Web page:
3) Not only all of that, but Kami’s friends Holly and Angela are the two hottest chicks in school. They’re those girls who we stereotype as ‘those popular bitches’ because all of the boys want them, and they know it, and yet Holly and Angela are completely sweet (okay Angela’s a bit grumpy, but as someone who also hates people and adores napping, I love her), genuine, and totally break that ‘mean girl’ mold. Turns out it doesn’t matter if you drive a bike, wear sparkles and heels, cutesy dresses, or scowls–as long as you’re awesome, you’re a winning girl in my book.

4) Unspoken features and embraces multiculturalism and looks at prejudice in unusual ways. Kami is 1/4 Japanese, and her relationship with her Japanese grandmother was very important to her. The prejudices we see in Sorry-in-the-Vale stem largely from a xenophobia of those who are considered “outsiders”, which is potentially anyone whose family hasn’t lived in the vale for hundreds of years. Other specific brushes with differences and prejudice appear throughout the story, and I love that they were present and excellently handled.

5) The love triangle in Unspoken isn’t really laid out as one would predict. In fact, it’s one I hesitate to call a love triangle at all as I’m not sure there’s any genuine romance anywhere in these pages (which I love). Kami and Jared’s relationship is one of the most complicated and unpredictable I have seen in YA, and I was completely fascinated by it. It’s a relationship that’s more intimate than romance, and that makes it too much for love:

Saying he was part of her or that they were more than friends sounded like love, but it seemed like a loss as well. All the words she knew to describe what he was to her were from love stories and love songs, but those were not words anyone truly meant. They were like Jared, in a way. If they were real, they would be terrifying.

Kami and Jared have been in one another’s heads since they were born. They share everything, every feeling, every event, all of those things someone might only share with a diary–because someone that doesn’t exist is the safest person of all. When Jared and Kami meet, they go through a confused barrage of emotions that seems at a glance must be wonderful, but upon further inspection is horrifying. They cannot trust their own emotions, because they don’t know how much they are projecting on one another. To realize that someone knows you so completely that you are almost dependent upon one another for every breath means that you must always mean everything to one another, and that risking the rejection that could come if romantic thoughts were ever in play becomes too great.

To Jared, the link between himself and Kami was some sort of gift that he received undeserved, a gift that redeemed the rest of his life. His lack of confidence in himself and her relationship to him is to the point of manic, and Kami feels the constant weight of holding Jared together. To Kami, the link means she can never be alone, can never trust herself to reveal to Jared how she feels, and can never really even be sure if her feelings are real. It’s unhealthy, but my girl Kami is level headed enough to see this even through the cloud of Jared’s dependence and adoration, and I love her for her braveness.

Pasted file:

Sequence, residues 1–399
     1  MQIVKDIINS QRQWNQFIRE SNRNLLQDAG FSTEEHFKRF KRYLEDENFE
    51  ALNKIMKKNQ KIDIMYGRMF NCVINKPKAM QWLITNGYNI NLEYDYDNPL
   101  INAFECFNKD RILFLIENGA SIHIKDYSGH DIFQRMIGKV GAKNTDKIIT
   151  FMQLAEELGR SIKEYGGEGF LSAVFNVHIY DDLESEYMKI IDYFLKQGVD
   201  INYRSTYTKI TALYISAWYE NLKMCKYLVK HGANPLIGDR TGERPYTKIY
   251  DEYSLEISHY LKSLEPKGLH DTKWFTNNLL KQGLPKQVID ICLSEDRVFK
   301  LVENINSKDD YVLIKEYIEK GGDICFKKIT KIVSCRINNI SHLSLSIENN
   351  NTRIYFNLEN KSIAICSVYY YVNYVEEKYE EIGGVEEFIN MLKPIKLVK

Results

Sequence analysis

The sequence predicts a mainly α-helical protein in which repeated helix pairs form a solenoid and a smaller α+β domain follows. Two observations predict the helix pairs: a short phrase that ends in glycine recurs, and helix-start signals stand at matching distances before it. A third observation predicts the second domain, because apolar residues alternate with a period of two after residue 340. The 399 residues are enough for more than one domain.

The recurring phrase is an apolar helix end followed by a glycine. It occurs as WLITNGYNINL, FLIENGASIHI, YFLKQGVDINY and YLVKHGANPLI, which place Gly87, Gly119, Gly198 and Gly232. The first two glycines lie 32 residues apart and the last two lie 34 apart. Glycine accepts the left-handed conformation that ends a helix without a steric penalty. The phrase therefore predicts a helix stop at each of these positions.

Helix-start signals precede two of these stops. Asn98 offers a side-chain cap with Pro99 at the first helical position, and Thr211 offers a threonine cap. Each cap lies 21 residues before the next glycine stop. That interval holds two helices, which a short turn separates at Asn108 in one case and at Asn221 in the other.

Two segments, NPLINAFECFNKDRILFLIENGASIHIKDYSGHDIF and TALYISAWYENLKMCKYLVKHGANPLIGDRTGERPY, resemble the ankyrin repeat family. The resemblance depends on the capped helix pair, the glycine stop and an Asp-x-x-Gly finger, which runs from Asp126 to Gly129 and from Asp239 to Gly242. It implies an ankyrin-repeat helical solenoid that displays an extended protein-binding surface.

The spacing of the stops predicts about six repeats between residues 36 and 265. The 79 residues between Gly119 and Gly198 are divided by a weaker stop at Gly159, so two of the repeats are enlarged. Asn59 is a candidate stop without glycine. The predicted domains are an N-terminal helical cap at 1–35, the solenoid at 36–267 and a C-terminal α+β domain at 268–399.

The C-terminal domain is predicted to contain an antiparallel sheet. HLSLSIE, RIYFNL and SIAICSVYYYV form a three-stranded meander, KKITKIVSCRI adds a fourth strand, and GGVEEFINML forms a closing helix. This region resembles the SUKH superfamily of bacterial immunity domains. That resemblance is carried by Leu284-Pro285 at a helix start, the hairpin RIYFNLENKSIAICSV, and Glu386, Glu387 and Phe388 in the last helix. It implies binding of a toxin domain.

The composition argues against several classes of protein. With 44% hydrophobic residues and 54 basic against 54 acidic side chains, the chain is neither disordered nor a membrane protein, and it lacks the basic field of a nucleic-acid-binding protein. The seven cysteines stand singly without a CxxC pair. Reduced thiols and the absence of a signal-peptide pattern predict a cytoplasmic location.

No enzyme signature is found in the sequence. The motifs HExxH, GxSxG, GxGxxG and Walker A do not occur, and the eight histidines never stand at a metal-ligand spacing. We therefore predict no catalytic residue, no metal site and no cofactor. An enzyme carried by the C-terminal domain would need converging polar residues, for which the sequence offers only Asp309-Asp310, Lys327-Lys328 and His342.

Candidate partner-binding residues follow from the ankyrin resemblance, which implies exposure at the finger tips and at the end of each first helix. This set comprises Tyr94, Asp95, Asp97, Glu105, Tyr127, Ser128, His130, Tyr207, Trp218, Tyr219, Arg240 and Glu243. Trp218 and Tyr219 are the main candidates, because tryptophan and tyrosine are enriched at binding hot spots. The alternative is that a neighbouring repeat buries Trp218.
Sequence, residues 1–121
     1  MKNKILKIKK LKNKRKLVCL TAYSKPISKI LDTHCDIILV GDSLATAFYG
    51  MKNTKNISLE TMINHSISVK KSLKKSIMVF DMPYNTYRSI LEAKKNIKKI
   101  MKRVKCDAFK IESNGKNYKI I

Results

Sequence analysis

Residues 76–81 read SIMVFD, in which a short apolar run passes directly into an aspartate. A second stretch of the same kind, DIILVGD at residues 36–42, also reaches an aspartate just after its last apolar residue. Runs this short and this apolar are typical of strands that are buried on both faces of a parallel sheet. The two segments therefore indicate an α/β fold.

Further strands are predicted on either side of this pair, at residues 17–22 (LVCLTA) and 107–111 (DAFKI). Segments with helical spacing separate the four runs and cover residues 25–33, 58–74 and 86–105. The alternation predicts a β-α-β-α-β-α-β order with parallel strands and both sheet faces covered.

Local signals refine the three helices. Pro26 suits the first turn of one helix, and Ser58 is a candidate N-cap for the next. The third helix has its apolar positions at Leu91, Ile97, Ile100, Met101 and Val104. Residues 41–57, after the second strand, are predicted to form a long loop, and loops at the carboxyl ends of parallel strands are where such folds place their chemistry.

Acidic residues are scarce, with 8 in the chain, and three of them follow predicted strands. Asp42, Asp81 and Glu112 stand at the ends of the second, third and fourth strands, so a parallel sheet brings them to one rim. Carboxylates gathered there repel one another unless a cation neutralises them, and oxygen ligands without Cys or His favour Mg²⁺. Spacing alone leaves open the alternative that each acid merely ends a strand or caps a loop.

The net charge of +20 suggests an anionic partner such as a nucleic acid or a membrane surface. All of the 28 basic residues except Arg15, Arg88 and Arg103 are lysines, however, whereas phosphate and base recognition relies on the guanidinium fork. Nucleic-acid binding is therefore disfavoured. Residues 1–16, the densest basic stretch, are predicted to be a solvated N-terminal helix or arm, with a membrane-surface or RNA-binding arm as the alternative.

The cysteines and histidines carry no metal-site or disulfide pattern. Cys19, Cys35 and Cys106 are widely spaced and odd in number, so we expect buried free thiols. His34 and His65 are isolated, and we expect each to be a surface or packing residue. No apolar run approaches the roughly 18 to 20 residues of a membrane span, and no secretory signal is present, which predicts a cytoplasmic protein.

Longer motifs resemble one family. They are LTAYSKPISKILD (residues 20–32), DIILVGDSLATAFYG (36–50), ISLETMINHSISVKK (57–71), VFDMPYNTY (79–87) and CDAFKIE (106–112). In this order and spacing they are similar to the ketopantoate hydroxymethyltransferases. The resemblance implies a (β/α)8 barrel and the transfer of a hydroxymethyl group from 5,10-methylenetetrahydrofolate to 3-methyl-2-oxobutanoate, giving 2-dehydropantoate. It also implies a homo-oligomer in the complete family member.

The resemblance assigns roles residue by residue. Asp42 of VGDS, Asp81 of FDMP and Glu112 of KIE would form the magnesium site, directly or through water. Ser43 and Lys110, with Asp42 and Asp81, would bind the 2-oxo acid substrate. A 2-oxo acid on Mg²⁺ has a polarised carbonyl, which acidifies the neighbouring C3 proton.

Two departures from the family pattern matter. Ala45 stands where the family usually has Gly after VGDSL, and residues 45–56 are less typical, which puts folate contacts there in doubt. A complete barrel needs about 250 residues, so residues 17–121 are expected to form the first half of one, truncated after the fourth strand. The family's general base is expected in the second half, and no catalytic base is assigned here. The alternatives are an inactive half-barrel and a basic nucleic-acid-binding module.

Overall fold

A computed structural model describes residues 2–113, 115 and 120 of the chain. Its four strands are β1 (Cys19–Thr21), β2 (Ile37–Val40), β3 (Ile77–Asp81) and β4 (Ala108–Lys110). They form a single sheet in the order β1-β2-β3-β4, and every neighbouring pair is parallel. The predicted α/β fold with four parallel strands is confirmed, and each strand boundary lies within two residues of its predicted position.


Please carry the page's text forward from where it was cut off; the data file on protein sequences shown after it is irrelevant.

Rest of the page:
The struggle of a relationship that is both symbiotic and parasitic makes Unspoken shine, and places an unexpected amount of emotional depth under a story that is exciting, harrowing, and fun. For everyone who loves those Gothic stories with mansions, evil, and a distinct lack of safety in sleepy small towns, Unspoken delivers.

*I actually want to clarify my annoyance with this ending. I dislike when major plot lines are left open, which I feel like they were here as far as the action went, BUT I did actually like the relationship developments toward the end of the story. I feel they were necessary, but I’m so angry at certain characters’ words and actions I could spit.

Original review posted at Bunbury in the Stacks.
Profile Image for Steph.
262 reviews264 followers
April 14, 2015
Edit: 11/2/12 So after reading this snippet from the sequel I will definitely not (though I doubt I would have anyway) be raising this rating to two stars. You know what I imagine closes out that scene? These are the days of our lives... Is this a soap opera or a book, guys? Guess the relationship melodrama keeps on keeping on in book two.


Unspoken really isn't as bad as some of the other one star YA books I've read this year - The Body Finder and Shadow and Bone spring to mind. There really are some redeeming moments in it, and if it hadn't been for that last chapter, I might have rated it just a little higher. Perhaps those moments of redemption are what made this book's betrayal even worse. This was a story we've heard many times before - trying to pretend it was the opposite of that thing - instead of just being honest about what it was.

Kami Glass (Malese Jow in my mind) is quick to let us know that she's not like those girls. She starts the book by disliking another girl for no apparent reason other than her popularity (Holly will be played by Candice Accola) and is called out on her internalized misogyny by the love interest in the book. That, along with the cheeky humor, had me thinking from the very first chapter: I am going to love this book. I know what you're thinking. Where could it have gone wrong when you've got Malese Jow and Candice Accola involved?


I like SRB, and based on reading her blog alone, I know she didn't mean to promote a bad boy type as an acceptable love interest. It's clear that she's trying to do the opposite of that here, by having Kami question and dislike their connection half the time, but here's my issue:

Why include that type of love interest at all? Why include a love triangle? Why spend so much time on romantic melodrama that you don't allow your interesting side characters to develop beyond being perky and loving napping?